The story is told that he loved putting honey on all of his food. One lady when she knew he was in the area would always bring him a supply of honey. One time her hives had stopped producing. She had to come and apologize to Brother Sheffey that she had no honey. He said, as he so often did, “let’s see what God says.” He began to pray and when he was done he told the lady to check her hives in a couple of days. When she did it was running over with honey!
Sheffey hated the liquor traffic, and his most remembered prayers were directed against stills and the people who ran them. (They were not moonshiners; at the time, distilling was perfectly legal.) One minister recalled that there had been three distilleries on a creek near where he and Sheffey had been preaching. Sheffey prayed earnestly for their destruction. The proprietor of the first still, in robust health, died suddenly. At the second (where the owner threatened to whip them), Sheffey prayed that a tree would fall on the still house. Although there were no trees nearby, a “great storm came and actually landed a tree on the still.” Fire destroyed the third one three days after Sheffey had spent a night in prayer against it. Men left the area rather than become the object of Sheffey’s prayers.
Sheffey’s contemporaries agreed that although “he was the most powerful man in prayer…he couldn’t preach a lick.” He would take a text and never return to it, and his preaching consisted largely of relating personal experiences. Nevertheless, as the Methodist preacher George C. Rankin recalled in his memoirs, although Sheffey “acted more like a crazy man than otherwise,” he “was wonderful in a meeting. He would stir the people, crowd the mourner’s bench with crying penitents and have genuine conversions by the score.”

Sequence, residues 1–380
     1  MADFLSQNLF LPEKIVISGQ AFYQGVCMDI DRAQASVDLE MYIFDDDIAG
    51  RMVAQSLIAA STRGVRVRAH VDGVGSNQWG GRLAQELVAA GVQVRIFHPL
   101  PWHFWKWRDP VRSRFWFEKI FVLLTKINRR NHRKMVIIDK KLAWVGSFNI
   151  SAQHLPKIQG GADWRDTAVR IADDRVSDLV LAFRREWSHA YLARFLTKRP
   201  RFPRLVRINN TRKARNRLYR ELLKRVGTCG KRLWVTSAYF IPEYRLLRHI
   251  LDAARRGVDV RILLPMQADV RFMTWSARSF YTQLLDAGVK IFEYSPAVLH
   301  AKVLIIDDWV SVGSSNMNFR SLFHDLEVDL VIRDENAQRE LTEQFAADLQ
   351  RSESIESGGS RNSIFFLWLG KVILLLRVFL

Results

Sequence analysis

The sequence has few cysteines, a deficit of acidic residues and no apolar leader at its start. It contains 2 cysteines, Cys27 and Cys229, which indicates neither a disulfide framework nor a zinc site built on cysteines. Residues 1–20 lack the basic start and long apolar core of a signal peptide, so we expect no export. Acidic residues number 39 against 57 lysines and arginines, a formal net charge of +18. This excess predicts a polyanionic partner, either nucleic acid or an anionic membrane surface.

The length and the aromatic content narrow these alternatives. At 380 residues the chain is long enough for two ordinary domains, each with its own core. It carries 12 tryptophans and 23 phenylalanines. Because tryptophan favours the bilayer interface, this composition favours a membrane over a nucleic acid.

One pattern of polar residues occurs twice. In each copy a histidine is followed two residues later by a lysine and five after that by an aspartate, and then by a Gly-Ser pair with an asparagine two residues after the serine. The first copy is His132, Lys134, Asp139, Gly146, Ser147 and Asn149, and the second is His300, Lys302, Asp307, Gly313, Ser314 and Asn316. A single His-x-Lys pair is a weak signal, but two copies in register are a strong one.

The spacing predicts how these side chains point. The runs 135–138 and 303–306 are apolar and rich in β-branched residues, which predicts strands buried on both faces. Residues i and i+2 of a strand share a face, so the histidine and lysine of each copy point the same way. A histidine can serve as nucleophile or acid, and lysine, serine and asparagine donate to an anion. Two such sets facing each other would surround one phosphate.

Eliza Sheffey died in October 1896. Brother Sheffey continued his ministry as he was physically able, but he eventually suffered intensely from rheumatism. Invited by his son to join him in Lynchburg, Sheffey preferred to stay away from cities and remain in rural Giles County. He died at the home of a friend, Aurelius Vest, a farmer, coffin builder, and country undertaker, near White Gate on August 30, 1902. He is buried in Wesley Chapel Cemetery (off Sheffey Memorial Road) in Trigg. On his monument are the words, "The poor were sorry when he died."
The Sheffey Legend
After Sheffey’s death Edward Sheffey expressed an interest in writing (or in having written) a biography of his father; but he died with nothing accomplished. In 1935, Willard Sanders Barbery, a Methodist minister in Bluefield, Virginia compiled a book of stories he had collected about Sheffey. In 1974, Jess Carr (1930-1990), published a “biographical novel," a project, he said, that had partially been inspired by seeing what he assumed was a funeral being conducted in the Wesley Chapel Cemetery but which a local storekeeper assured him was regular visitation to Sheffey’s grave, “all the time, year-round.” In 1977, Unusual Films, the cinema division of Bob Jones University, released a feature-length film, Sheffey, with a script based on Carr’s novel.